Scientists reinvent lithium production with mechanochemistry

Ball milling chamber contents: spodumene, reactant, and steel balls. Credit: U.S. Department of Energy, Ames National Laboratory

Lithium is a crucial element used in rechargeable batteries for many technologies, including smartphones, medical devices, and electric vehicles.

As these technologies become more popular, the demand for lithium continues to rise.

Traditionally, lithium is extracted from two main sources: underground water called brines and a type of rock known as spodumene.

The typical method to extract lithium from brines involves letting water evaporate under the sun, which is quite slow and requires a lot of water.

On the other hand, getting lithium from spodumene involves heating the rock at very high temperatures, which uses a lot of energy and can harm the environment by producing greenhouse gases and toxic waste.

To address these challenges, scientists at the Critical Materials Innovation (CMI) Hub, led by the U.S. Department of Energy’s Ames National Laboratory, have developed a new technique.

They’re using a special kind of chemistry called mechanochemistry, which involves grinding and shaking solid substances to start chemical reactions. This approach is not only more environmentally friendly but also faster and less wasteful.

The leader of the project, Ihor Hlova, along with his team, has created a process known as mechanochemical extraction of lithium at low temperatures, or MELLT.

This process uses a technique called ball milling, where chunks of spodumene and a chemical called sodium carbonate are placed in a chamber with steel balls.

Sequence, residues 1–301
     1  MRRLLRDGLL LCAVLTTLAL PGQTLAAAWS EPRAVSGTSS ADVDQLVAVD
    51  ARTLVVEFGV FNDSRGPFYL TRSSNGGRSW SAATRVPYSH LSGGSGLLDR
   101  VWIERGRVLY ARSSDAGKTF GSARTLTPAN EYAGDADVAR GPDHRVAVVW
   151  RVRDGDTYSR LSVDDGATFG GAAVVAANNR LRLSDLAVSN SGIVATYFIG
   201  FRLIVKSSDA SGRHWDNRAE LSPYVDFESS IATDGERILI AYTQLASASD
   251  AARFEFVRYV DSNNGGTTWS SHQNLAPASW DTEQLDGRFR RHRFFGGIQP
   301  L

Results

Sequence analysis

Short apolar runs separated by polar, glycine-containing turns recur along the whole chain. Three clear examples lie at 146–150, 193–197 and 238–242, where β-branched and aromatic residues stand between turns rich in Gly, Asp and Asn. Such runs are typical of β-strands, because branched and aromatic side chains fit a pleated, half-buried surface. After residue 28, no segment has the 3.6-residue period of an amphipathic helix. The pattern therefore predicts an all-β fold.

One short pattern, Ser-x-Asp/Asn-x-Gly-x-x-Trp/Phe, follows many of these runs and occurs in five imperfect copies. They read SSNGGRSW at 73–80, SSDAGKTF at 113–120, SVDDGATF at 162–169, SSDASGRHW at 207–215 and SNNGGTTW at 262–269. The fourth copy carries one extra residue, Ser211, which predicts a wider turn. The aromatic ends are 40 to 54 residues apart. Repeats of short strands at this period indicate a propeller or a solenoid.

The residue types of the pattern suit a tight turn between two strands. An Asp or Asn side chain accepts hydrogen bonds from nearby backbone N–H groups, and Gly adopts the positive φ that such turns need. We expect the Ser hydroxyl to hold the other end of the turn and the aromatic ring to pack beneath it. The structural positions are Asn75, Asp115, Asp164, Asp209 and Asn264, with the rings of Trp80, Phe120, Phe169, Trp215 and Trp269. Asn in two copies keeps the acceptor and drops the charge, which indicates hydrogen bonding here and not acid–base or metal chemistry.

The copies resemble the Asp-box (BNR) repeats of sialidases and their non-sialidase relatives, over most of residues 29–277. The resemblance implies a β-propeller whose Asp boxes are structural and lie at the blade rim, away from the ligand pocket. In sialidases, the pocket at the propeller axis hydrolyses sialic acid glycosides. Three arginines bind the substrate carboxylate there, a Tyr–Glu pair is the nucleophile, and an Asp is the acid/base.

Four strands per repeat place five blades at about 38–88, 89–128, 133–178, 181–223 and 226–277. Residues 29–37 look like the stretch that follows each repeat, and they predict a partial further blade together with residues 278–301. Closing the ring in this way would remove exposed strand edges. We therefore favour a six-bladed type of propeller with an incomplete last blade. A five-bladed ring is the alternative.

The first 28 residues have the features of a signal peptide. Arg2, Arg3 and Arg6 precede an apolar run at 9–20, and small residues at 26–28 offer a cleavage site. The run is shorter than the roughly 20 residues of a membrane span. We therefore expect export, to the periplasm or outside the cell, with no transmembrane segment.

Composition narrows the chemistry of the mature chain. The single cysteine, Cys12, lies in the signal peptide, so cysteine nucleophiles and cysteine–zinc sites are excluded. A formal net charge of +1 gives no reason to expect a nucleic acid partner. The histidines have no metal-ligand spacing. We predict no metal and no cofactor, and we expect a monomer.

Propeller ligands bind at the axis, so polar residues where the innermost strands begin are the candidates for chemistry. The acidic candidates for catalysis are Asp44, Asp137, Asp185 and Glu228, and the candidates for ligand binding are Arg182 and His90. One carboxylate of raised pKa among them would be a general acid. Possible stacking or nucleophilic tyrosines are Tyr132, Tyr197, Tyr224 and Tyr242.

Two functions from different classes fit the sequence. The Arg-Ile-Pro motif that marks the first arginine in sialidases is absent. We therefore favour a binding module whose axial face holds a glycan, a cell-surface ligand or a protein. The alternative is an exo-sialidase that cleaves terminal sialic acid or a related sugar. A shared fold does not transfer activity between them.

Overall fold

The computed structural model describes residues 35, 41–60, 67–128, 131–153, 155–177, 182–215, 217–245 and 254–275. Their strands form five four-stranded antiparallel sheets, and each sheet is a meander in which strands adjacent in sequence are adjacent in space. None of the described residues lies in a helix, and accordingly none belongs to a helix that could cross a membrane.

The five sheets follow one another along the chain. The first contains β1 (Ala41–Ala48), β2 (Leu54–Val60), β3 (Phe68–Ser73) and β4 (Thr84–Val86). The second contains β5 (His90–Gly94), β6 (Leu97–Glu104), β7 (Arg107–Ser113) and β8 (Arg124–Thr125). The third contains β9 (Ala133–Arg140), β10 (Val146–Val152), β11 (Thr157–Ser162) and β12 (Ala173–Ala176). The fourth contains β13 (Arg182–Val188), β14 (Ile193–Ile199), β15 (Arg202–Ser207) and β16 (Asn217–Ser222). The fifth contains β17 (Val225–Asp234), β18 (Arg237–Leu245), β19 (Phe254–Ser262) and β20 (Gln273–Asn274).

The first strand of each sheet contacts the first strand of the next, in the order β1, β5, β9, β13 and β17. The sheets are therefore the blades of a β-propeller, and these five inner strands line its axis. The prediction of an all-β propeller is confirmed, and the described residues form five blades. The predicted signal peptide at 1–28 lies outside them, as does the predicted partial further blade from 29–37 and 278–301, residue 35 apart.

The chamber shakes vigorously, causing the materials to collide and react, forming a lithium compound that dissolves in water. The lithium can then be easily extracted by washing the mixture with water.

This new method, MELLT, is a big improvement over traditional methods. It significantly reduces energy use, speeds up the process, and avoids creating harmful waste.

Tyler Del Rose, a postdoctoral researcher and team member, emphasizes that mechanochemistry is generally underused in extraction processes.

However, its ability to cause chemical reactions by creating small defects on the surfaces of solids makes it very effective.

The development of MELLT is part of a larger effort by CMI to find new and better ways to extract lithium.

This project involves several national labs, universities, and industrial partners working together.

Tom Lograsso, the director of CMI, highlights that their mission is to develop innovative solutions to supply chain challenges, providing U.S. industries with new technologies ready for commercial use.

This new approach not only promises to make lithium extraction more sustainable but also helps ensure a steady supply of this essential element, supporting the growth of clean energy technologies.

Source: Ames National Laboratory.